Los Angeles Times
Bruce Springsteen, whose already-high profile shot even higher Sunday with his “The Middle” Super Bowl ad for Jeep, was arrested for driving while intoxicated in a New Jersey recreation area last November.
The “Thunder Road” rocker, 71, was hit with three citations during his Nov. 14, 2020, arrest, for suspicion of DWI, reckless driving and consuming alcohol in a closed area, a National Parks Service spokeswoman told The Times. Springsteen was “cooperative” during the process, she said via email.
The Boss has a court date in the next few weeks, according to TMZ, which first reported the arrest Wednesday. It was unclear why the news was revealed only now.
Springsteen was pulled over that November Saturday in Gateway National Recreation Area near Sandy Hook, New Jersey. In addition to its Sandy Hook property, the 27,000-acre park includes two “units” in New York’s Staten Island and Jamaica Bay that comprise various historical spots.
Springsteen and wife Patti Scialfa live mainly on a 400-acre horse farm in Colts Neck, New Jersey, to the southwest of the park’s Sandy Hook Unit. It’s just east of Freehold, New Jersey, where Springsteen spent his childhood. The “Born to Run” singer joked about his choice of home base in his 2017 stage show, “Springsteen on Broadway.”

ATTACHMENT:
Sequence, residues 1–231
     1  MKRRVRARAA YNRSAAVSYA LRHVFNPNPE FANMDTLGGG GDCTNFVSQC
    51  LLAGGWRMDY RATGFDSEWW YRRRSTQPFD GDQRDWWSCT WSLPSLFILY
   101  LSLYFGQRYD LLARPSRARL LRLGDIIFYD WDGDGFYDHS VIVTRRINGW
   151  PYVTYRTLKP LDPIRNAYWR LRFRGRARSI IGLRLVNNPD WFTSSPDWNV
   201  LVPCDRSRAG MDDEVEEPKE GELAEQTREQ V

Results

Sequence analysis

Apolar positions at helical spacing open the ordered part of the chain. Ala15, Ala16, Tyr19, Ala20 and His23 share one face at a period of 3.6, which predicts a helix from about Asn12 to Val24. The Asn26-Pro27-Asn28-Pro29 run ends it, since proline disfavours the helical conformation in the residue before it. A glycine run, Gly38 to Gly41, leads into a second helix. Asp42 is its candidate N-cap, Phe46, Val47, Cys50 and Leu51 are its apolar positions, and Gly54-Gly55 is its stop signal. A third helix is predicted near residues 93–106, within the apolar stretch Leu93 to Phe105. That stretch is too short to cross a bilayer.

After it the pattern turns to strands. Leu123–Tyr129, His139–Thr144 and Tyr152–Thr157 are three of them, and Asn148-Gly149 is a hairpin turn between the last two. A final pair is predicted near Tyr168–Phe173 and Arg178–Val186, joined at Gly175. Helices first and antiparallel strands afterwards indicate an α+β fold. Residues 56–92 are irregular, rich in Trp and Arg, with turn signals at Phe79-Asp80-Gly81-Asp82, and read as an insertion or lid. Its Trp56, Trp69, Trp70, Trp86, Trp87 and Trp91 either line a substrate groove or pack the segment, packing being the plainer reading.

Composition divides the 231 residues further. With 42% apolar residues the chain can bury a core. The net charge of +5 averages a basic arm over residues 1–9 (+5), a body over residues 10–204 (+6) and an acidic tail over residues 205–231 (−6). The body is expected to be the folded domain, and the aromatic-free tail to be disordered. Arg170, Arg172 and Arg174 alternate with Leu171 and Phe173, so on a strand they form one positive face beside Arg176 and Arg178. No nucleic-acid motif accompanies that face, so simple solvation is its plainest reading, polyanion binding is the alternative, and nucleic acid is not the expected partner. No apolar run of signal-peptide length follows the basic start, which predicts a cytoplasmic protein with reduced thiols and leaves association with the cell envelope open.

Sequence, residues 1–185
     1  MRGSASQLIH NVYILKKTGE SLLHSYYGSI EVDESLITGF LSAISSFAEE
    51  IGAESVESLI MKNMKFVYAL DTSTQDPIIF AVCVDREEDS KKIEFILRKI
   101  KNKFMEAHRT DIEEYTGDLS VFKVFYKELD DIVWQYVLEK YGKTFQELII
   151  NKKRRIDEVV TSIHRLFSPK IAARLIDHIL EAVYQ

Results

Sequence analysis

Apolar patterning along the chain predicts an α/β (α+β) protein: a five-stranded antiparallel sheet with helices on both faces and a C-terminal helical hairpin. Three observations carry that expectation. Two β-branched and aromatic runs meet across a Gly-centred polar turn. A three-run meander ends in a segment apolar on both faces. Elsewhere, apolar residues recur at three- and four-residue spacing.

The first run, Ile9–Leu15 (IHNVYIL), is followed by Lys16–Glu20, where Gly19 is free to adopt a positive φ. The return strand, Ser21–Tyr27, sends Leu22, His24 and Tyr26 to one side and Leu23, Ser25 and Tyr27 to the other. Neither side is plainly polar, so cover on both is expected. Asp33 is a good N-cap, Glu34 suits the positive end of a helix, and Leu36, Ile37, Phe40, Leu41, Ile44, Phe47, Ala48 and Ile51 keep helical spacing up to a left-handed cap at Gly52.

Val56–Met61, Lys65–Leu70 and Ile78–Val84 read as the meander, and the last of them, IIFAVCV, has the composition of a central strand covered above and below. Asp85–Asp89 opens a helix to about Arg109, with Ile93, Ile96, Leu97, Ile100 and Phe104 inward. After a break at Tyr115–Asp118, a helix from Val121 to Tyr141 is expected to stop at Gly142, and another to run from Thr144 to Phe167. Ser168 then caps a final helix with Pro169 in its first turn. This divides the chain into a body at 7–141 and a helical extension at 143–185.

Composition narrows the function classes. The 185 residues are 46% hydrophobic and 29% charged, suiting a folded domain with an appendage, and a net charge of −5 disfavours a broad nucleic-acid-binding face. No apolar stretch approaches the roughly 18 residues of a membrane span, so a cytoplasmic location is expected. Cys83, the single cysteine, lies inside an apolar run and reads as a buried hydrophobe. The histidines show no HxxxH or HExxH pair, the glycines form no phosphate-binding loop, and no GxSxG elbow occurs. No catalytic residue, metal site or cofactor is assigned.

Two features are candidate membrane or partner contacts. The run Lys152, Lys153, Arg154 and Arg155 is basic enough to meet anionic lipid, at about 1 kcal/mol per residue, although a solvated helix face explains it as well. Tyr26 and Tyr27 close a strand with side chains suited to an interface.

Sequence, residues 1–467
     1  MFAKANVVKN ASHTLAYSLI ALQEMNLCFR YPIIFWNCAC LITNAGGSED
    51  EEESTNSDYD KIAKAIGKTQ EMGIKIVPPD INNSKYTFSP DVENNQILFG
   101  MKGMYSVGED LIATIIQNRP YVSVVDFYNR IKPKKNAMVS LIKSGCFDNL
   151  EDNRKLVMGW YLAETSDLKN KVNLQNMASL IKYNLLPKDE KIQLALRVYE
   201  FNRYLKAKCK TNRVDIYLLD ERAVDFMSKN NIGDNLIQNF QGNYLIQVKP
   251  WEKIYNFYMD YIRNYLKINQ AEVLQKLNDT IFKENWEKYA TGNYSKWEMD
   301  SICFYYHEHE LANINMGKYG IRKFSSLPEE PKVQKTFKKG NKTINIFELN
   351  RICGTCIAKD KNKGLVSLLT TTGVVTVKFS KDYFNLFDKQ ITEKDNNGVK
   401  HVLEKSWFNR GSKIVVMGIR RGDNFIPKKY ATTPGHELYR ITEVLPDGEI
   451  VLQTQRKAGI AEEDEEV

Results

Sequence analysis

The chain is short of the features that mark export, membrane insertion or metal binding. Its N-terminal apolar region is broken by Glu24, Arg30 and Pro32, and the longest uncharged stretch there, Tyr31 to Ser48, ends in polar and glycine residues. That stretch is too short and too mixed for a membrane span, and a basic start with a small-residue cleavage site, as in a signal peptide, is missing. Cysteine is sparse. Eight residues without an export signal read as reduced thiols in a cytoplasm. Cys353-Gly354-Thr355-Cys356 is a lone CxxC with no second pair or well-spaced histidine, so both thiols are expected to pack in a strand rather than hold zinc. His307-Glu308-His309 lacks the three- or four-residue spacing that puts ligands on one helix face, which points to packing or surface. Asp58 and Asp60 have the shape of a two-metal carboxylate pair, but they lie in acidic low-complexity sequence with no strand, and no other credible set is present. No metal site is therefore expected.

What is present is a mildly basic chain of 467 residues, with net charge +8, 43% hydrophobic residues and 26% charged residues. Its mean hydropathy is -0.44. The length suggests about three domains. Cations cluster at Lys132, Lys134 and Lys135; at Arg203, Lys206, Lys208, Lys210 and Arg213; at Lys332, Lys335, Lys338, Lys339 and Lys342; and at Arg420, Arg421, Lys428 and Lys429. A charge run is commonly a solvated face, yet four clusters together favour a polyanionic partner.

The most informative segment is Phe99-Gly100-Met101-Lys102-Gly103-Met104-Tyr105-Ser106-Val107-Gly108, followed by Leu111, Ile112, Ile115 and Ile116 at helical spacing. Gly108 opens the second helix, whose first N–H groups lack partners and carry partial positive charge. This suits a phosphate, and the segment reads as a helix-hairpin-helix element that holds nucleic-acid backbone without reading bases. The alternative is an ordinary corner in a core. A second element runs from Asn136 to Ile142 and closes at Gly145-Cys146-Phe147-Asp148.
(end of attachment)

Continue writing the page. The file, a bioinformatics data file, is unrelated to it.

“My home, New Jersey — it’s a death trap. It’s a suicide rap. Listen to the lyrics, all right. I had to get out, I gotta hit the highway, I’m a roadrunner, man. I got the white-line fever in my veins. I am gonna bring my girl and I have had enough, of the s— that this place dishes out. I am gonna run, run, run, and I’m — well, I’m never coming back,” he says in the show, which can be seen on Netflix.
“I currently live 10 minutes from my hometown. But, uh, born to come back, or uh — who would’ve bought that … ? Nobody.”
On Sunday, Springsteen’s ad for Jeep premiered during Super Bowl LV. In it, he drove through a wintry landscape and urged Americans to come together (with his guy in the White House). “There’s a chapel in Kansas standing on the exact center of the lower 48,” he intones in a voice-over. “It never closes. All are more than welcome to come meet here — in the middle.”
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